US FDA tells parents to block children from trying viral ‘Benadryl Challenge’

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text: Benadryl is pictured at a home in North Vancouver, British Columbia on Monday, November 11, 2019.


© Provided by National Post
Benadryl is pictured at a home in North Vancouver, British Columbia, Monday, November 11, 2019.


The U.S. Food and Drug Administration warns the latest viral challenge to consuming the internet could end in emergency rooms.

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The so-called Benadryl Challenge encourages TikTok users to consume large amounts of the over-the-counter antihistamine, with the aim of inducing hallucinations. The FDA said it had “strongly encouraged” the social media platform to remove the posts, after receiving several reports of teens landing in hospital or even dying after attempting the challenge.

“We are investigating these reports and conducting a review to determine if any additional cases have been reported,” the agency said, according to CNN. “Healthcare professionals should be aware that the ‘Benadryl Challenge’ occurs in adolescents and warn their caregivers.

Benadryl is safe and effective when used correctly, the FDA said – which usually means in small doses to relieve symptoms of allergies, such as sneezing and a runny nose. The agency advises parents to take precautions to prevent abuse from children who spend more time at home – and with more free time – due to COVID-19.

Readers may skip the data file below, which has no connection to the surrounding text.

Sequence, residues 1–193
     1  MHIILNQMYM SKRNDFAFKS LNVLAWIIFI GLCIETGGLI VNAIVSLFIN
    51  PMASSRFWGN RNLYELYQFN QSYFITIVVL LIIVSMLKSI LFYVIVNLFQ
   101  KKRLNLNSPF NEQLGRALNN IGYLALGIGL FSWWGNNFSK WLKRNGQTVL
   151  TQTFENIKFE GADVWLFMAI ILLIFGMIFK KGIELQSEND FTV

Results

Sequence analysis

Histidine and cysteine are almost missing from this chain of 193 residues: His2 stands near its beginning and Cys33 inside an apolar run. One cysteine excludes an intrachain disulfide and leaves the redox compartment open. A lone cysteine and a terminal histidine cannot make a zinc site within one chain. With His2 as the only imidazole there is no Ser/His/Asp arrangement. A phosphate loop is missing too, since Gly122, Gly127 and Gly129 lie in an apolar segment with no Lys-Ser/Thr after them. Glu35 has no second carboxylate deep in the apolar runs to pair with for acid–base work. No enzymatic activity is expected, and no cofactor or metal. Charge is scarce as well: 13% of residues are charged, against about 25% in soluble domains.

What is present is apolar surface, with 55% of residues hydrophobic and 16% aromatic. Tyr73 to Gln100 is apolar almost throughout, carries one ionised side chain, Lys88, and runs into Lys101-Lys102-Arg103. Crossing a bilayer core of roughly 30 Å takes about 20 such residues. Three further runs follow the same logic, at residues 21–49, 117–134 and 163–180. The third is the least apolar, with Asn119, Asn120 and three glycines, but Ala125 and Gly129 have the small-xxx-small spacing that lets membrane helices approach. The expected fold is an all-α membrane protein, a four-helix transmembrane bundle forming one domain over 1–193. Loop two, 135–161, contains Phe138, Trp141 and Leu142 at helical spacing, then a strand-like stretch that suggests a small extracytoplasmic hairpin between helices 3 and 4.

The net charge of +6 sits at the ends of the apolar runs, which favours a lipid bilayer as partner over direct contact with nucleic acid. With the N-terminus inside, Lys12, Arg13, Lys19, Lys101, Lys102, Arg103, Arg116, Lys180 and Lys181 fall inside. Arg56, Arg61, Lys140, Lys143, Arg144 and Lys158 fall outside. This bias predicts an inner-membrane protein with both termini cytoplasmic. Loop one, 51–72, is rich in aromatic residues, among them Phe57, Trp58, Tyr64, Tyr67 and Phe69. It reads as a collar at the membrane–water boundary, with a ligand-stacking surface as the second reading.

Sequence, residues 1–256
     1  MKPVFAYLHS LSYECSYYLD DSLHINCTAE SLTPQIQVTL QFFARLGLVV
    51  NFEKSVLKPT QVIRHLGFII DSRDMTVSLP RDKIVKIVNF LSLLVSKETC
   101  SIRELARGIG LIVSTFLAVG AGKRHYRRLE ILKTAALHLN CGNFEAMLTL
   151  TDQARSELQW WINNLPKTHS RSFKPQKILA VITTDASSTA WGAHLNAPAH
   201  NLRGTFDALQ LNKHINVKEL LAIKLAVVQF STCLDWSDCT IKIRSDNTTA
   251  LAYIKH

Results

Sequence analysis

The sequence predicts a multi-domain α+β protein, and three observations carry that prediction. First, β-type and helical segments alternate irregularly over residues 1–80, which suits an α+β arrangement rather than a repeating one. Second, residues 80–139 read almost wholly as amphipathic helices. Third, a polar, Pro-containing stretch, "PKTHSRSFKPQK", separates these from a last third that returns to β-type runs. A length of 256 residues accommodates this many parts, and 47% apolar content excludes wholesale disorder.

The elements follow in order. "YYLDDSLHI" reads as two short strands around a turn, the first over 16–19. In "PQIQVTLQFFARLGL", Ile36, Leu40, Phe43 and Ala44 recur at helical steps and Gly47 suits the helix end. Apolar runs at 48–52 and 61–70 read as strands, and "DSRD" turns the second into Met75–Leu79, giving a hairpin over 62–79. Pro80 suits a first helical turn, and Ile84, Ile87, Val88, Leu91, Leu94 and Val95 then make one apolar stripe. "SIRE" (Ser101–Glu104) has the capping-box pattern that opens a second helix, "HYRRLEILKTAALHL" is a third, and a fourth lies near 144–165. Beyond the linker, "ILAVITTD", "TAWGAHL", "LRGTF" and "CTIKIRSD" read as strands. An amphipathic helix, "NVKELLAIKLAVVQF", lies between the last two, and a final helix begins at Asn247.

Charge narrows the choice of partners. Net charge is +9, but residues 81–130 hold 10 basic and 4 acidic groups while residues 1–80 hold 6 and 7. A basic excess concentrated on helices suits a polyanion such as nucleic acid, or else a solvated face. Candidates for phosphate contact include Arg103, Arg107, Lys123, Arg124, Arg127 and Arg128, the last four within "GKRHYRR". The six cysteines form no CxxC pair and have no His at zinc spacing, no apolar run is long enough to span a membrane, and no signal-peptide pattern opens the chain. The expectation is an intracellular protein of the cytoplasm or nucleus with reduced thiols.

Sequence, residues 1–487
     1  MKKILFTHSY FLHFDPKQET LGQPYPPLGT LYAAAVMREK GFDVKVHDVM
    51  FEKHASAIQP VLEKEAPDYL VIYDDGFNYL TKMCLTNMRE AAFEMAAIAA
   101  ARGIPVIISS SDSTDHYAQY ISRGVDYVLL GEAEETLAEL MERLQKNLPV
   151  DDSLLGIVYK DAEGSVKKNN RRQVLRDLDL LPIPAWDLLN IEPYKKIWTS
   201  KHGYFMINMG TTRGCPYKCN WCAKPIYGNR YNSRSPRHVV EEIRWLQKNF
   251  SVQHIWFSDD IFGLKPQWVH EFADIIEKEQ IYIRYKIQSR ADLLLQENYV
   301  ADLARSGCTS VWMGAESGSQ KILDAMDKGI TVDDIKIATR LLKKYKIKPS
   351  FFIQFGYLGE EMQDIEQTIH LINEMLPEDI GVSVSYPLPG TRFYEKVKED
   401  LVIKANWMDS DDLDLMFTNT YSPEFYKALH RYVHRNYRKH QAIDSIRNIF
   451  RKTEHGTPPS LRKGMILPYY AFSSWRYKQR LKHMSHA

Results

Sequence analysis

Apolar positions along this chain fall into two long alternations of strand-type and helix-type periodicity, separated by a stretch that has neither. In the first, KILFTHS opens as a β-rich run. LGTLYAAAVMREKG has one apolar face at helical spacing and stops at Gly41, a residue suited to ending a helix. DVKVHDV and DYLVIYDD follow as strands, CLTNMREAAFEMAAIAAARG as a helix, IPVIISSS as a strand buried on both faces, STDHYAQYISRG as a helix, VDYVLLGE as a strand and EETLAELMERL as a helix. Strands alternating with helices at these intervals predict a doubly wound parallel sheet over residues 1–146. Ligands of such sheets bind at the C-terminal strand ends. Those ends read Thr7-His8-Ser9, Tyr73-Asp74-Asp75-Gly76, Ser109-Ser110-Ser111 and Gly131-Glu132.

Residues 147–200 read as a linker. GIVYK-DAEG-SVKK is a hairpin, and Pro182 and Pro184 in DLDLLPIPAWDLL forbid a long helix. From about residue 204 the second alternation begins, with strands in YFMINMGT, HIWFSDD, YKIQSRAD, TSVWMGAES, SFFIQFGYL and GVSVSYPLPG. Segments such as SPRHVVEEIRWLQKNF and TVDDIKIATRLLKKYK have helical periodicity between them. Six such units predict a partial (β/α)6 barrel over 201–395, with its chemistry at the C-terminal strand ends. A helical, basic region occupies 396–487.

The alarm bells started ringing earlier this year after a teenager was rushed to Cook Children’s Medical Center in Fort Worth, Texas, after consuming 14 tablets of Benadryl, according to healthline.com.

“It was scary,” the teenager’s mother said in a statement from the center. “She had broken sentences, hallucinations. His resting heart rate was 199. As a parent you worry about drugs and you know the signs of drug use. I never thought about having to lock my allergy medication. I just want other parents to know about it because it’s dangerous and I had no idea.

“And I’m angry,” she added. “These people (on TikTok) are basically prescribing drugs without a medical degree and our kids trust them.”

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